BC Hydro system faces cybersecurity threats: auditor general

Overall hydro system could be brought down through attacks on component parts

BIV files

BC Hydro is not effectively managing parts of the power grid that could be susceptible to cyberattacks, the province’s auditor general said Tuesday.


Carol Bellringer’s new audit said the Crown utility is failing to look at grid areas that are generally equipment of lower power capacity. And that, Bell ringer said, might allow targeted cybersecurity incidents to cause localized outages. Those, in turn, could affect the system as a whole.


“Cybersecurity is no longer only about prevention, but also about quickly detecting and responding to attacks,” Bellringer said. “A strong capability for cybersecurity monitoring and response is fundamental to good cybersecurity practice.”

“A major power failure could cause significant interruptions and tremendous losses to businesses and people in B.C.,” her report said.

The audit focused on how BC Hydro is managing the cybersecurity risks to its industrial control systems, which Bellringer said are an integral part of its electric power infrastructure.

With the system providing power to 95 per cent of British Columbians, Bellringer said the system is considered “critical infrastructure.”

The auditor general made three recommendations for assessing cybersecurity risks: maintaining an inventory of BC Hydro’s hardware and software components, implementing detection mechanisms and monitoring in real time.

Bellringer found BC Hydro:

• has a well-developed program to prepare for cybersecurity incidents, but it is missing some key information resources;

• can’t monitor for some cybersecurity incidents, as it is missing detection mechanisms and monitoring on some system components;

• can respond to the cybersecurity incidents it detects;

• has the capability to respond and recover when an incident occurs, and;

• has processes in place to improve its responses to cybersecurity incidents

Responding to Bellringer’s report, BC Hydro said it has a well-developed cybersecurity incident program and is able to respond to cybersecurity incidents.

“After investing over $30M over two years in our cyber and physical security programs, BC Hydro is operating within the mandatory standards and the legal requirements in British Columbia,” the utility said. “BC Hydro has ongoing programs to meet anticipated compliance requirements as they become law in British Columbia.”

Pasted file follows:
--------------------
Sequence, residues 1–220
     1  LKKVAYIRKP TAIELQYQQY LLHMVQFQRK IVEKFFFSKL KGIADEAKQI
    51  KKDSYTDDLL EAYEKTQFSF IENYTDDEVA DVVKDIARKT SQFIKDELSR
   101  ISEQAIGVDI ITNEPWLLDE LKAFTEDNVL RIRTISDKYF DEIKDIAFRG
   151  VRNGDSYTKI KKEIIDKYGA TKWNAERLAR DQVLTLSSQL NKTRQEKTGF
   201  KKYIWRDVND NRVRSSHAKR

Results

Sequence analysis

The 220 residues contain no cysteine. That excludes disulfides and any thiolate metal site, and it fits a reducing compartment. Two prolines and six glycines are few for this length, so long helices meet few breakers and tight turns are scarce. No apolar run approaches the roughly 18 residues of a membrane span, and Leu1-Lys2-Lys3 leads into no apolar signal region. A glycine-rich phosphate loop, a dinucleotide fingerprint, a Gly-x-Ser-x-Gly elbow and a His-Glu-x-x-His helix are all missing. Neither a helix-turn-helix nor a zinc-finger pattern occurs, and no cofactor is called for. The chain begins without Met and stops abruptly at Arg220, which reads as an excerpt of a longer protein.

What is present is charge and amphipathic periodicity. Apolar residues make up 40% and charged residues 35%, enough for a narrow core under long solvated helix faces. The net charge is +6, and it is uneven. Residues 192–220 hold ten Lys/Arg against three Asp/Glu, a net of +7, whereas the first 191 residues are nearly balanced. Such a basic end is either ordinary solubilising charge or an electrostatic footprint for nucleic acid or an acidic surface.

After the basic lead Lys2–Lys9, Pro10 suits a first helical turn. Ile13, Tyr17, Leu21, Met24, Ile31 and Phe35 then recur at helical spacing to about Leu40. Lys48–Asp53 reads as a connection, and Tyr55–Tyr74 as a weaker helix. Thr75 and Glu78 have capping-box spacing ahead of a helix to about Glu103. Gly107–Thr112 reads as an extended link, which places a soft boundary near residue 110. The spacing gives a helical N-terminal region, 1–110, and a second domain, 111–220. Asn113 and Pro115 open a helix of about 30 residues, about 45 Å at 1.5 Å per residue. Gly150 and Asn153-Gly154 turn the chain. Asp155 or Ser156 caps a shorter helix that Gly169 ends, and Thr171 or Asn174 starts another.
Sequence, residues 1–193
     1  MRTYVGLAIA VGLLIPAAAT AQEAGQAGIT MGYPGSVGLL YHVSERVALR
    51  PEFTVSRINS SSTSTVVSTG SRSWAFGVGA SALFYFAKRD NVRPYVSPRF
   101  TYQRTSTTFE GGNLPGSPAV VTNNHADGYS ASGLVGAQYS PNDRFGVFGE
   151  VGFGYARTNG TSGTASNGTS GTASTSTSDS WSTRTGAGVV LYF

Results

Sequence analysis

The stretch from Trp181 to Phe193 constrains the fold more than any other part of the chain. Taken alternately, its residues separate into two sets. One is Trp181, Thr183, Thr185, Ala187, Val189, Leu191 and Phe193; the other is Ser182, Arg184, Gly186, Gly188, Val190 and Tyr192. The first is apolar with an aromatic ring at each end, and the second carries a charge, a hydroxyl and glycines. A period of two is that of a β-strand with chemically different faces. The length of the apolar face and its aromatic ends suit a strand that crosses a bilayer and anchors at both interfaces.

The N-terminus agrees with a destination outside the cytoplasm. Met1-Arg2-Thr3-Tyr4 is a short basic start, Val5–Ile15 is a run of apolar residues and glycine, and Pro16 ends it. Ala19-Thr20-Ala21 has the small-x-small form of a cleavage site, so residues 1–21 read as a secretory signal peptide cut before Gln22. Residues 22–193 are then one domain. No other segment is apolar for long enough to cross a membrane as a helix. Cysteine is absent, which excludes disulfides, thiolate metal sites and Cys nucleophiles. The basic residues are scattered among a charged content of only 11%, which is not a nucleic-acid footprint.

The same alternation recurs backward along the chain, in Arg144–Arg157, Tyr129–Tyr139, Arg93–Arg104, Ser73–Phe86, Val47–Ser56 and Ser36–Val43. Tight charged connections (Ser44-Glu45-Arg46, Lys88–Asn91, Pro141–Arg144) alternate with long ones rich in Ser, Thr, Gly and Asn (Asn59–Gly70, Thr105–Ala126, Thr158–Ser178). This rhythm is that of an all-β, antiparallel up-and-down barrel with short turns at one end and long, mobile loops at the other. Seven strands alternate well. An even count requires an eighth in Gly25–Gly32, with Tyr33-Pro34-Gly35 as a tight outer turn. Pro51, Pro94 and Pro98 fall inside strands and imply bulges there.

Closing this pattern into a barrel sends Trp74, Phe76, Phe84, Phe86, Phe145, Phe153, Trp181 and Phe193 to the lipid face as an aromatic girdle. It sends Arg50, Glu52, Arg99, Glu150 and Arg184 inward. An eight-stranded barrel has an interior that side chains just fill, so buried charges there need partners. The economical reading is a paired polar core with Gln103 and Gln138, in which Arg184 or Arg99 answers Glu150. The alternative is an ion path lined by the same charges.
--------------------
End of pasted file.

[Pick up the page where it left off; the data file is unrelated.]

The utility agreed its cybersecurity practices should consider all aspects of industrial control systems, beyond those that affect the critical facilities involved in the production and distribution of power.

“We will extend our assessment of cybersecurity risks to areas of the power system not already covered by mandatory standards and legal requirements in British Columbia,” it said.

A U.S. cybersecurity expert speaking in Vancouver last week said power grids could be brought down through component parts.

Eric O’Neill, a former FBI agent and cyberspy hunter, said such countries gather information on infrastructure such as power systems.

“The next war won’t be fought with bullets and guns,” he said.

Instead, O’Neill said, it will be fought with information – with data attacks on systems such as water, electricity and other networks.

He said the only thing saving the U.S. electricity grid from complete vulnerability to cyberattacks is that it remains decentralized – as is much of Canada’s.

And, said Bellringer, BC Hydro can’t be sure of cybersecurity risk levels until it assesses risk for its entire network and not just the systems that fall under the mandatory standards.

Globally, she said, the energy sector is among the most frequent targets of cyberattacks levelled at critical infrastructure sectors.

Public Safety Canada lists energy and utilities first on its list of critical infrastructure sectors – followed by information and communication technology, finance,  manufacturing, food, safety, government, transportation, health and water.

B.C.’s power grid is connected with those of Alberta, 14 western states in the United States, and the northern portion of Mexico’s Baja California state.

“The interconnections of all the grids allow transmission of power throughout the western region and enables BC Hydro to ensure electrical energy is continuously available in B.C.,” Bellringer’s report said.

Standards have been set for North America and are administered by the U.S.-based Western Electricity Coordinating Council.

Bellringer said BC Hydro’s security does cover the interconnections and there is a small chance an attack on BC could cascade into the wider system.

Note: This story has been updated with a response by BC Hydro.